Commentary Magazine


Contentions

The Not-So-Amazing Adventures of Chabon and Obama

I once wrote in the pages of COMMENTARY that Michael Chabon was, sentence for sentence, the best writer of English prose of his age in America. It is true his novels are gorgeously written, though it is also true that his last one, The Yiddish Policeman’s Union, was a work of anti-Zionism so thoroughgoing that it makes Mearshimer and Walt look like Jabotinsky and Ben-Gurion by contrast. The politics of that novel were hard enough for a qualified fan like me to take. Now he has written an article so risibly hagiographic about Barack Obama that I am inclined to take away the Prose Award I effectively bestowed on him back in 2002. Here, sample just a flavor of the uncritical, naive foolishness of Chabon’s piece:

[T]his radiant, humane politician…seems not just with his words but with every step he takes, simply by the fact of his running at all, to promise so much for our country, for our future and for the eventual state of our national soul….To support Obama, we must permit ourselves to feel hope, to acknowledge the possibility that we can aspire as a nation to be more than merely secure or predominant. We must allow ourselves to believe in Obama, not blindly or unquestioningly as we might believe in some demagogue or figurehead but as we believe in the comfort we take in our families, in the pleasure of good company, in the blessings of peace and liberty, in any thing that requires us to put our trust in the best part of ourselves and others. That kind of belief is a revolutionary act. It holds the power, in time, to overturn and repair all the damage that our fear has driven us to inflict on ourselves and the world.

And when we all wake up on Nov. 5, 2008, to find that we have made Barack Obama the president of the United States, the world is already going to feel, to all of us, a little different, a little truer to its, and our, better nature. It is part of the world’s nature and of our own to break, ruin and destroy; but it is also our nature and the world’s to find ways to mend what has been broken. We can do that. Come on. Don’t be afraid.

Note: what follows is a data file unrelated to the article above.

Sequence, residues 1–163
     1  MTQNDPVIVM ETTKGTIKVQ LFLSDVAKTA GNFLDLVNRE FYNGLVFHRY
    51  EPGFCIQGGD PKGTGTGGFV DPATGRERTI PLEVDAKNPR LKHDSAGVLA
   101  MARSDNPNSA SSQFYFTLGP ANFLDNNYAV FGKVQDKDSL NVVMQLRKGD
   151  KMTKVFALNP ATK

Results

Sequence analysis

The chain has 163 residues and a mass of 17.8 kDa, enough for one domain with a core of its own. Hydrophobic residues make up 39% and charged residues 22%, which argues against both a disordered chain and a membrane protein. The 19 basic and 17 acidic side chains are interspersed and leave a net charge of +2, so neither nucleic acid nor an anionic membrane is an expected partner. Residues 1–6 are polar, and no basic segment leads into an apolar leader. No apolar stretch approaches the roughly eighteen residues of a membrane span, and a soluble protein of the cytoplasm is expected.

Chabon may hate Israel, but he loves tikkun olam. And he has a taste for Messianism. In Yiddish Policeman’s Union, he posits a Messiah who is the gay junkie son of an obese Hasidic rabbi-gangster. Now, with his new-found passion for the half-Kenyan, half-WASP Hawaiian-born Senator from Illinois, you figure Chabon is slapping himself on the side of the head–”Why didn’t I think of that?” He might as well have. His Obama is at least as much a fictional character as Kavalier or Clay.


Join the discussion…

Are you a subscriber? Log in to comment »

Not a subscriber? Join the discussion today, subscribe to Commentary »





Welcome to Commentary Magazine.
We hope you enjoy your visit.
As a visitor to our site, you are allowed 8 free articles this month.
This is your first of 8 free articles.

If you are already a digital subscriber, log in here »

Print subscriber? For free access to the website and iPad, register here »

To subscribe, click here to see our subscription offers »

Please note this is an advertisement skip this ad
Clearly, you have a passion for ideas.
Subscribe today for unlimited digital access to the publication that shapes the minds of the people who shape our world.
Get for just
YOU HAVE READ OF 8 FREE ARTICLES THIS MONTH.
FOR JUST
YOU HAVE READ OF 8 FREE ARTICLES THIS MONTH.
FOR JUST
Welcome to Commentary Magazine.
We hope you enjoy your visit.
As a visitor, you are allowed 8 free articles.
This is your first article.
You have read of 8 free articles this month.
YOU HAVE READ 8 OF 8
FREE ARTICLES THIS MONTH.
for full access to
CommentaryMagazine.com
INCLUDES FULL ACCESS TO:
Digital subscriber?
Print subscriber? Get free access »
Call to subscribe: 1-800-829-6270
You can also subscribe
on your computer at
CommentaryMagazine.com.
LOG IN WITH YOUR
COMMENTARY MAGAZINE ID
Don't have a CommentaryMagazine.com log in?
CREATE A COMMENTARY
LOG IN ID
Enter you email address and password below. A confirmation email will be sent to the email address that you provide.